I stood, frozen in what we were to call our home for the forthcoming future. The small, three bedroomed flat loomed above the town square, in which my brother and sister used to play. But I only got to look out of that single sacred window in this dark, cold place for a moment before my Mother closed the deep brown curtains with a look of sadness on her pale blank face. For it was illegal for Jews to buy make up or anything to make ourselves look made up any more.
I was tired, hungry and cold. Yet I couldn't do anything about it. My Father's worn old leather jacket I wore was pulled around me as tightly as I could have it, yet that didn't block out the coldness in my heart. The only thing of real importance that I brought with me from our old home down Hales Grove, was a picture. A picture of my brother, sister and me. Standing in our coats with our 'sacred' stars sewn onto the outside. That was the last day we saw our Father. That was only a few days before we came here.
You can tell my Mother is feeling the pain of our loss. It wasn't a natural death either. Our Father, A beautiful man, a gentle man, a man with a heart. Gone in an instant. And the worst part is... we were made to watch. A podium of shame we stood on, my five year old brother not understanding. Tears pouring down my Mother's and sister's cheeks. Neither of them should have been made to watch that. My sister just twelve, my Mother... her husband up there. I stood strong that day. I was sixteen then, seventeen now. I looked at my Father's face. The person who had taught me all. How to make a paper aeroplane, how to tie my shoelaces. All that mattered to me as a little boy.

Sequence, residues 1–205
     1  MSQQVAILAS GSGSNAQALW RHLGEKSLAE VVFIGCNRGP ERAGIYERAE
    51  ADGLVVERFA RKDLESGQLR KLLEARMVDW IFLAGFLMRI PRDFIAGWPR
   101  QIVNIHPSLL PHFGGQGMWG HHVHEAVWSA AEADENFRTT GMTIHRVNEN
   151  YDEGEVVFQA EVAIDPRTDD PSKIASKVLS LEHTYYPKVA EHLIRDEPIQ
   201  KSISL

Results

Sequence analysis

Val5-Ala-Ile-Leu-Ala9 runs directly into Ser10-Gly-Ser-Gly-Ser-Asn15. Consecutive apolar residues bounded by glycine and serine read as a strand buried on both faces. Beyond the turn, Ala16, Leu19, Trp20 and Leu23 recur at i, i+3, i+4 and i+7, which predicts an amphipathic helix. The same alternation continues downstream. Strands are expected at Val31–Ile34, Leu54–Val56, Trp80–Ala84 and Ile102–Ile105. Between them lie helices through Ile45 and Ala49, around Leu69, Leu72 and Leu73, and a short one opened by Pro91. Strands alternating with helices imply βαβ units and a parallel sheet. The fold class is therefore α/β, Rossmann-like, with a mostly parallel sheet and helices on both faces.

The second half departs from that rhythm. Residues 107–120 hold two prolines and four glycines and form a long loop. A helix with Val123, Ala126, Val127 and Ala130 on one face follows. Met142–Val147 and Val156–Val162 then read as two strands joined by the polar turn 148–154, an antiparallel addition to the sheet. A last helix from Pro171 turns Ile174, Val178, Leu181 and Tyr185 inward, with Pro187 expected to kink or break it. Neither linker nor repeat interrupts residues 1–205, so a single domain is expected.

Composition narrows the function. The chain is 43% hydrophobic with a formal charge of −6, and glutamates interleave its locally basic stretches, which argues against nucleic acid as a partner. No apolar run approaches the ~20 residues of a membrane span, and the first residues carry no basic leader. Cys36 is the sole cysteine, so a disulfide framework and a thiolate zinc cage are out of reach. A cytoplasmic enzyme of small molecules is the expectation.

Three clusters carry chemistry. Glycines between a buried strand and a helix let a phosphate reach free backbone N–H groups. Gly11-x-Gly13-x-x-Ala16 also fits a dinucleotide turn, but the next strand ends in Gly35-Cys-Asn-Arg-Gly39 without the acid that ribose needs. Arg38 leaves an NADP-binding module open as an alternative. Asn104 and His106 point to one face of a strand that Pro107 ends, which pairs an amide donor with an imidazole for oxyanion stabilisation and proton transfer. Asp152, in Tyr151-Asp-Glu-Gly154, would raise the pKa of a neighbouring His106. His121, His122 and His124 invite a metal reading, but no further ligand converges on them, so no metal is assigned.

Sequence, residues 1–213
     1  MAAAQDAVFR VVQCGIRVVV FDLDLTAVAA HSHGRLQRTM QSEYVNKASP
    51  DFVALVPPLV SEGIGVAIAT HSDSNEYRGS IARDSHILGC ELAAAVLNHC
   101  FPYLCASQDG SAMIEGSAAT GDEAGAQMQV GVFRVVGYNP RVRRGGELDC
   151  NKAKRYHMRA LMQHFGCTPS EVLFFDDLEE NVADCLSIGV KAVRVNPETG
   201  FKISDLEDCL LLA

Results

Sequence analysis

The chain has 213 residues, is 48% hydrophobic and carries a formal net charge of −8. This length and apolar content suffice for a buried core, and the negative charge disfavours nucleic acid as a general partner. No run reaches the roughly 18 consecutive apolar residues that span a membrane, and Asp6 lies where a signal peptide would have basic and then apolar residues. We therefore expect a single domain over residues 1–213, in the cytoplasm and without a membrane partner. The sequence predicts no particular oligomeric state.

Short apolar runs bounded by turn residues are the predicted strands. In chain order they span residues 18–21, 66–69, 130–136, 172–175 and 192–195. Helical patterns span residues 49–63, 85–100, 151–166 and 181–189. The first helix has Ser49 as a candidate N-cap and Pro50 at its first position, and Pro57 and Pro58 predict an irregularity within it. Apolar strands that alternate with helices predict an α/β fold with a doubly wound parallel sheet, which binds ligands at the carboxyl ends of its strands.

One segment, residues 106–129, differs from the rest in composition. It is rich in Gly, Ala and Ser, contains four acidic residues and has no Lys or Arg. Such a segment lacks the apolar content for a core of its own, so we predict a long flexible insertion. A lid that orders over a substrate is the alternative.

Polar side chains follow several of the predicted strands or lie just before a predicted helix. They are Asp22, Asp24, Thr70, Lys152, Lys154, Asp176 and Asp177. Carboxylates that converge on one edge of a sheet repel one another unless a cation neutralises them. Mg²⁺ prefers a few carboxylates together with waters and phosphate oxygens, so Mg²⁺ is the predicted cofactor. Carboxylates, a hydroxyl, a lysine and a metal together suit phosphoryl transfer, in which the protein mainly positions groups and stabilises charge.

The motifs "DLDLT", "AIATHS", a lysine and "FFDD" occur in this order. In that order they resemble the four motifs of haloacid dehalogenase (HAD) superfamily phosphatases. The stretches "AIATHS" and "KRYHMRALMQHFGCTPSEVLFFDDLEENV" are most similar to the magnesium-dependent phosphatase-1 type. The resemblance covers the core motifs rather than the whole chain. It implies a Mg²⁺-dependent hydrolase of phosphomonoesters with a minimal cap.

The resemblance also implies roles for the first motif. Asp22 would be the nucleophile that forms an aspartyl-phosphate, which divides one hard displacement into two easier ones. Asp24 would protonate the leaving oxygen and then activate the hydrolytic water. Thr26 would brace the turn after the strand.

As the gunshot sounded, my brother fell silent. Only silent sobs coming out of his premature mouth. We were led away then, from that place of darkness, that place of dread, That place of death. I can see that out of the window that Mother pulled the deep brown curtains across. The tiny crack in the tight bringing together of what will keep us safe. I still can't forget that day.
It's hard for my brother, his mind wanting to run free yet he is constricted to a small area, No screaming, No shouting, No being five. Thomas, his name is. Too posh for my brother, so his five year old mind thinks. He is sitting here now, just beside me as I write this. His feet tapping the polished wooden floor below us, his mouth letting off sounds that resemble a train. My mother comes in, paler than ever. Her eyes no longer their bright, joyful blue.
"No noise, children," she reminds us in her shaken, quiet voice just audible
"Yes Mother," my brother and I chorus, in our hushed 'hiding' voices.
She then leaves, quickly followed by my brother and I am left by myself in my thoughts once more. Many things rush through my mind. 'What if Hitler hadn't come to power' and 'What if we had fled earlier'
And the main one that hits me often-
'Why didn't Mother let me go to the work camp?'...